The bottom line is that my neighbors talking about the weather doesn't have the value to me of my best photo experiences, experiences around dying, loves I've shared, helping folks that need my help. Do I believe in a hierarchy of acts? You bet I do. I have no clue why you'd want to fabricate that into some notion of a transcendence of humanity.
     
  98. Charles, ..."is a good march considered good art or just something good to exercise to?" ...why can it not be both? Why would one exclude the other?
    Fred, excellent choice of march... couldn't have thought of a better one myself (and didn't).
     
  99. ...why can it not be both?​
    Good question. Duchamp helped us a see a long time ago that it can, though not always simultaneously. Interesting that I can now look at a urinal in a public men's room as art but I'm not sure I could get away with peeing in the one that's on display in the museum, though Duchamp himself would probably get a kick out of the latter.

    It's why snapshots can be art and art can look like shapshots.

    Ancient pottery is a great example of something people ate with or ground corn with and now we view it appreciatively behind glass in a museum.

    To some degree, art can be a way of seeing, whatever it is we're looking it.
     
  100. Third Ted Talk, 2nd on the creative process: http://www.ted.com/talks/amy_tan_on_creativity?language=en
    About 15 minutes into Ms. Tan's talk about her creative process, she talks about the contributions to that process of external events that impart detailed meaning content that's co-incident with and specifically related to the details of inner events within the progress of her creative process. Tan's example: she is writing about a man stacking rocks, then goes on a walk and comes across a man stacking rocks. That man's self-observation about the 'why?' of his activity is the why of Tan's book. Since it's an event with no inner or outer cause it feels objective and what we do with that is, as Tan suggests, a balancing act.
    A meaningful co-incidences of inner and external events, a synchronicity, is a phenomenon that doesn't reduce down to post hoc wishful thinking. The meaning is instead imposed, present in the event of co-incidence, contained in the event, not later derived, that is to say, we don't 'will' it into existence, it's objective. I don't see any reason why that phenomenon couldn't also happen when the endeavor isn't art, is instead the act of lacing one's shoe or washing one's clothing. Such events are part of the mental surround we inhabit and make their way into our art and laundering activities.
     
  101. we don't 'will' it into existence​
    While I get what you're saying and agree to a certain extent, I'm not sure Ms. Tan didn't in some sense will it into existence. And it can actually relate to Duchamp's urinal. I see Duchamp as having been saying to the world . . . "Pay attention!" How we attend to things is significant. Ms. Tan, by her inner actions (I don't love the dichotomy of inner and outer, so I'd just say her mental actions) in writing her story and creating her man stacking rocks may have affected her own sensitivity to what's around her. She may not have paid any attention to that man with the rocks at another period in her life. She may, by writing, have opened herself up to being aware of what was there. Yes, there is coincidence, confluences of events, but there is also our attunement to things, which I think we very much affect with our wills. She had to have been responsive to the significance of this man stacking rocks. It isn't just that he was there. It's that she noticed.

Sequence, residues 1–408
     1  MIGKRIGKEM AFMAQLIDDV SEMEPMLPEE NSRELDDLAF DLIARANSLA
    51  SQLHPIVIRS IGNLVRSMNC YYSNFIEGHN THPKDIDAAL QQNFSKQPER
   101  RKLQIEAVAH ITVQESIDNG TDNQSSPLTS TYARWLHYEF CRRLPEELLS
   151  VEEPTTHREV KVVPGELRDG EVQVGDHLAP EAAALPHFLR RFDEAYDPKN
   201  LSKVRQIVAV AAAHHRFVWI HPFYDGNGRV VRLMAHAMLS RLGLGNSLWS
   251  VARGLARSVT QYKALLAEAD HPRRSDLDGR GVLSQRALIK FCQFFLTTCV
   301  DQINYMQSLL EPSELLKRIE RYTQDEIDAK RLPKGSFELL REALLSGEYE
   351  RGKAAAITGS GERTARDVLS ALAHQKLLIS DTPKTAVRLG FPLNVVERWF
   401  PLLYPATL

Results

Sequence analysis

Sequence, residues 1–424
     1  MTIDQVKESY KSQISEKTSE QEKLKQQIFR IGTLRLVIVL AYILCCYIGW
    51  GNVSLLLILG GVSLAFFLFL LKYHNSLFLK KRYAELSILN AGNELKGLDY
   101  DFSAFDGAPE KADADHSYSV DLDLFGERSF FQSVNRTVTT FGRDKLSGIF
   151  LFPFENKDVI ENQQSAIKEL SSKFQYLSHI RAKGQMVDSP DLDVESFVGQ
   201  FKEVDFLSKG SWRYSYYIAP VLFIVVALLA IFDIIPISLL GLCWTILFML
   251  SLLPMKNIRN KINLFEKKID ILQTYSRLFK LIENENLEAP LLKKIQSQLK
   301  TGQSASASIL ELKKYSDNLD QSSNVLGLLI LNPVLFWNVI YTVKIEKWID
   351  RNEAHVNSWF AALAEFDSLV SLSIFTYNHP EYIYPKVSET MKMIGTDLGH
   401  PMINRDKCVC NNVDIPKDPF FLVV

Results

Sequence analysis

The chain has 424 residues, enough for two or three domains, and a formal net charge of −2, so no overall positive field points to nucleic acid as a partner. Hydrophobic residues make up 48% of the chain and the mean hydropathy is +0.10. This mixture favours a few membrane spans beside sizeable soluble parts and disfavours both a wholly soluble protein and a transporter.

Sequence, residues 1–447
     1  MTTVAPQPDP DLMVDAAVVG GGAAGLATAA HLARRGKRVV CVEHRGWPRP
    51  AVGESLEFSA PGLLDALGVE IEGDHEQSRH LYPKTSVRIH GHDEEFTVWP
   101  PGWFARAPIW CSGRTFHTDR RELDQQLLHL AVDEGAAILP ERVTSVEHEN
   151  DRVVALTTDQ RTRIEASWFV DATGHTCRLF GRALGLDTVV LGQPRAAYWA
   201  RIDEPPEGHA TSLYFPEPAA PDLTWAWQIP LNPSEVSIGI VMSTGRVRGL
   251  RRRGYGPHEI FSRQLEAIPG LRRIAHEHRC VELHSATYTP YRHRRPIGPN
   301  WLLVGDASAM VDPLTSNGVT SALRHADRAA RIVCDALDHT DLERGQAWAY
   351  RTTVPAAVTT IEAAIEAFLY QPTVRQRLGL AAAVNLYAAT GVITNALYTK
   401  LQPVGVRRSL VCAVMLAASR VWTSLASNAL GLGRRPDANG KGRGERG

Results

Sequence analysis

102. Sure to all, Fred, and she says almost as much by paying homage to both the casual connecting principle of her own focus and to 'chance occurrence' by mentioning happenstance and serendipity, though her voice tends to trail off as she says such things. More objective elements of objective psyche are in the accounts of a muse, a not-me within although I have no problem with the idea that in days of old muses lived near ponds and en masse decided that they would all move in to live instead in our mental surround, the phenomenon of synchronicity even suggesting a somewhat permeable membrane existent between our inner and outer surrounds. If synchronicities contain Ms. Tan's muse, then by her muse she was made to notice, it isn't just that she noticed, she wandered into circumstances where she had to notice, and an inner string of circumstance made her want to notice insofar as she wanted to bring her book to fruition. In that sense her book grew out of her and she assisted in that, which is a lovely way to think of things.
     
  103. actually, organizations like the Professional Photographers of Canada and the Professional Photographers
    of America have answered this question quite thoroughly and accurately. They in fact have specific judging
    criteria which are followed by their accredited judges each year in determining awards like "photographer of
    the year" etc.
     
  104. A camera makes a good photograph.
     
  105. "What makes a good photograph"?
    Who are those authorities that decide? Or, is it decided by a popular vote?
    Or, is it about a photographer expressing their vision....and being constantly being challenged by that vision.
    Is it not that place where truly great Artists explore.
     
  106. "Vision"
    An expression of reaching out to find an epical value.... a understanding of a mystical concept of value.
     
  107. A good photograph is not "boring" in the eye of the viewer.
     
  108. A good photo?: simple, the one where you wish you would have been there.
     
  109. Daniel, would that include THIS photo by Nick Ut?
     
  110. Just wanted to say thanks to everyone who's responded and joined in on this thread- it's been very interesting hearing people's opinions. As I said, the piece I've written will be posted on Photoworks' site, some point next week, I'll leave a link here when it's up so you can take a look- hopefully you won't mind the artistic license I've taken in interpreting some of what you've written to make a new text out of it that reflects some of my ideas, or my approach anyway.
    Also, I saved some of the commenters' photos and have supplied then to go with the article, fully attributed, but I am going to contact each of you whose photo I used now, to obtain explicit permission.
    Thanks again!
     
  111. I know I am late to this form... but I would like say for me, a good photograph asks a question, reveals a mystery and tells a story.